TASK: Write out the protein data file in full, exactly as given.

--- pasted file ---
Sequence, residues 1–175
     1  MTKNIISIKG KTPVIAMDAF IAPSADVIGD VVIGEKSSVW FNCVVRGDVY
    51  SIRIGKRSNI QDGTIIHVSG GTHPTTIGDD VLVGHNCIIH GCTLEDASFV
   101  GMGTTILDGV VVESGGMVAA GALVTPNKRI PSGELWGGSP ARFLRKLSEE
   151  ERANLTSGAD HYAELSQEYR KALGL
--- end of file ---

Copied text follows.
Sequence, residues 1–175
     1  MTKNIISIKG KTPVIAMDAF IAPSADVIGD VVIGEKSSVW FNCVVRGDVY
    51  SIRIGKRSNI QDGTIIHVSG GTHPTTIGDD VLVGHNCIIH GCTLEDASFV
   101  GMGTTILDGV VVESGGMVAA GALVTPNKRI PSGELWGGSP ARFLRKLSEE
   151  ERANLTSGAD HYAELSQEYR KALGL